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Pluto's surreal effects don't undermine credible characters

The Actor's Express production balances surface and depth

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When single mom Elizabeth (Kathleen Wattis) returns from shopping and makes remarks like "It's going to be a normal day, just like any other," the audience for Actor's Express's Pluto waits for the other shoe to drop. Elizabeth's assertion of commonplace comforts sounds as ominous as hearing someone say "I'll be right back" in a slasher movie.

Sure enough, Elizabeth soon has to resist such freaky phenomena as the refrigerator bucking like a thing possessed while the family dog begins to recite scientific jargon. It's worth pointing out that Alison Hastings plays the dog, and while she doesn't bark or wear a furry costume, she maintains a very specific posture that conveys canine attentiveness. Also, characters allude to the fact that she has three heads and may be the most famous three-headed dog in literature. Relatively early on, Pluto suggests that the day will definitely be unlike any other.

With Pluto, playwright Steve Yockey and director Melissa Foulger walk a tightrope of theatrical effects that push in opposite directions, juxtaposing relatable people against unearthly imagery. Pluto impressively finds the right balance of dysfunctional family drama, dark comedy, and rich metaphor, despite the high degree of difficulty.

Elizabeth and her troubled son Bailey (Wyatt Fenner) offer a textbook example of poor family communication. She vainly encourages him to open up about his difficulties at the local college, while Bailey tries to get her to discuss the details of his father's death. Both also try to ignore interruptions from the outside world, including highly specific radio broadcasts as well as intrusions from Bailey's classmate Maxine (Stephanie Friedman). An old playmate turned vicious, Maxine barges in and belittles him, displaying such a weird blend of sadism and free-spirited quirkiness, you could call her a "manic pixie mean girl."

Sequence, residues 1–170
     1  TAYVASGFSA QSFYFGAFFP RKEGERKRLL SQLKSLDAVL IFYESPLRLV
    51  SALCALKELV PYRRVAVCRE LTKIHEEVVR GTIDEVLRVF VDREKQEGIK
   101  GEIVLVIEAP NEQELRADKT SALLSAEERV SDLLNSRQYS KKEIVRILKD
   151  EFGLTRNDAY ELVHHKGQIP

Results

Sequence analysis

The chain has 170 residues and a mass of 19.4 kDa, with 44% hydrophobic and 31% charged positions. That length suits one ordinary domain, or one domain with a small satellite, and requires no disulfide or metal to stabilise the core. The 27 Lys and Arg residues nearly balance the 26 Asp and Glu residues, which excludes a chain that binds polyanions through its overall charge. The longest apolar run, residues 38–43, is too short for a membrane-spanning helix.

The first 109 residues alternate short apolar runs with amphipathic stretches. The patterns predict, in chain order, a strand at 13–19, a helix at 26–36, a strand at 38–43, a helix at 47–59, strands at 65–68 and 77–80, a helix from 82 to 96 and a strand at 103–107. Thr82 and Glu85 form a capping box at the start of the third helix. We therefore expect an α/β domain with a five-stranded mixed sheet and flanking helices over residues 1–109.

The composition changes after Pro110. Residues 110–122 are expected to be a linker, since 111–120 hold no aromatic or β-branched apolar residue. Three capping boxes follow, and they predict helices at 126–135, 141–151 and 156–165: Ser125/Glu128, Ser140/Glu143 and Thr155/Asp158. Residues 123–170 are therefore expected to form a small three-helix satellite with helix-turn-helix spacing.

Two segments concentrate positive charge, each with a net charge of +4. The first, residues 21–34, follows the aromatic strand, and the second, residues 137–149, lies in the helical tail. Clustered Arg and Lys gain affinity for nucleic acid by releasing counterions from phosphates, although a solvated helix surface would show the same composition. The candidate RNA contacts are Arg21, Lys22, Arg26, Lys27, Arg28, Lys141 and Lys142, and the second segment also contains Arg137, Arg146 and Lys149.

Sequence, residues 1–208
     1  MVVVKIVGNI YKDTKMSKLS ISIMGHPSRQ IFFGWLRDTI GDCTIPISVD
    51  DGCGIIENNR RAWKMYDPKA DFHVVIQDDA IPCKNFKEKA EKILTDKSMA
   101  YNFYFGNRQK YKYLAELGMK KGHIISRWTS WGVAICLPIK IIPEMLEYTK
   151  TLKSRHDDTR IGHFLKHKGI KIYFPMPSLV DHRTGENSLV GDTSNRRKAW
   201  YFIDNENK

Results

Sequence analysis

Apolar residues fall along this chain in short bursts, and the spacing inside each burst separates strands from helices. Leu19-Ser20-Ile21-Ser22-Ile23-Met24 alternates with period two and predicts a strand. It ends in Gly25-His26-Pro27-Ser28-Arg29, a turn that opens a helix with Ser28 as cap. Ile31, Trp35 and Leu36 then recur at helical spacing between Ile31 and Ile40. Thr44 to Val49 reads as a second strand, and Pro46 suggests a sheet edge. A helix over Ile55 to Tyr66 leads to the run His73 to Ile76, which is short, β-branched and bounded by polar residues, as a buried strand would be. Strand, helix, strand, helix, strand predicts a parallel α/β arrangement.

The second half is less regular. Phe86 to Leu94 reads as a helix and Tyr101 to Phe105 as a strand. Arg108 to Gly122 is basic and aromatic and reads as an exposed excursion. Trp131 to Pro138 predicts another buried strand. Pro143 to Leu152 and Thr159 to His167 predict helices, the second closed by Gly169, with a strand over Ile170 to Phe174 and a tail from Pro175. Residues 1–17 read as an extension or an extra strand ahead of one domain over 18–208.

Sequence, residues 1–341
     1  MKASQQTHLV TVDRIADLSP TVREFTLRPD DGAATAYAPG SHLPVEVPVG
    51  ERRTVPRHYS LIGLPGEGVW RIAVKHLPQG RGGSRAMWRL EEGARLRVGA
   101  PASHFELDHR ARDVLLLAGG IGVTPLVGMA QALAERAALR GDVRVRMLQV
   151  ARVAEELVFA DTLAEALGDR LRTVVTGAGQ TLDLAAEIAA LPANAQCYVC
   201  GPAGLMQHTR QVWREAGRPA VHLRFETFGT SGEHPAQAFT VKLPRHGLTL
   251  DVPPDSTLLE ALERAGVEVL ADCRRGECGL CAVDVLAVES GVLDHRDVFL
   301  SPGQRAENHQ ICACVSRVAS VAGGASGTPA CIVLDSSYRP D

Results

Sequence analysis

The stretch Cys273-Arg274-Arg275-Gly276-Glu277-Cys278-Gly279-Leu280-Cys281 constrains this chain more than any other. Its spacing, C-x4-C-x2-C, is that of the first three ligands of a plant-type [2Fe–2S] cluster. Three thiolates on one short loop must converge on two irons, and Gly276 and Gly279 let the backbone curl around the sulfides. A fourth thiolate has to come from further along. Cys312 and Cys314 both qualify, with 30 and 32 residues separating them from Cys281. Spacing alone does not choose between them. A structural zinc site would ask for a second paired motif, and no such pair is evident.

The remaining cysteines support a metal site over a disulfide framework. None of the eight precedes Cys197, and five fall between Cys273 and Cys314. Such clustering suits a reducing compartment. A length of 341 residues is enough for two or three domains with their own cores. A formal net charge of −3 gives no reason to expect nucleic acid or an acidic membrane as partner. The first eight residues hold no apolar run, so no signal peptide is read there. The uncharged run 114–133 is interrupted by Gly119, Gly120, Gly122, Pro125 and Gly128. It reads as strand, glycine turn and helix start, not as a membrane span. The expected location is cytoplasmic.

I won't spell out the play's ripped-from-the-headlines subject matter or the mysterious role played by Joe Sykes, a mainstay of Yockey productions. It's fun to tease out the play's enigmas, but Pluto proves less about big reveals than the mother-son relationship and dealing with loss. With her matter-of-fact acting style, Wattis effectively comes across as a real woman in an impossible situation as opposed to a heightened idea of maternalism. Her performance matches the naturalism of Kat Conley's set of the suburban kitchen. Bailey comes across as similarly credible, although late in the play, Fenner gives a long-awaited speech with deliberately flat delivery, a reflection of Bailey's emotional state that nevertheless draws energy from the action.

An Atlanta native moving onto the national stage, Yockey has shown a long-standing interest in violence and extremities of human behavior, and Pluto is no exception. He brings out an empathy and humanism in Pluto not always noticeable in his previous work, with Bailey and Elizabeth proving so well-realized, you can imagine them having lives outside the play's confines. Once the play gives up its secrets, all of its disparate elements, from seemingly unmotivated actions to surreal visual effects, come justifiably together. And if Pluto's detail about the downgrading of the titular dwarf planet feels like a tired metaphor, the play can send fans of adventurous theater into orbit.

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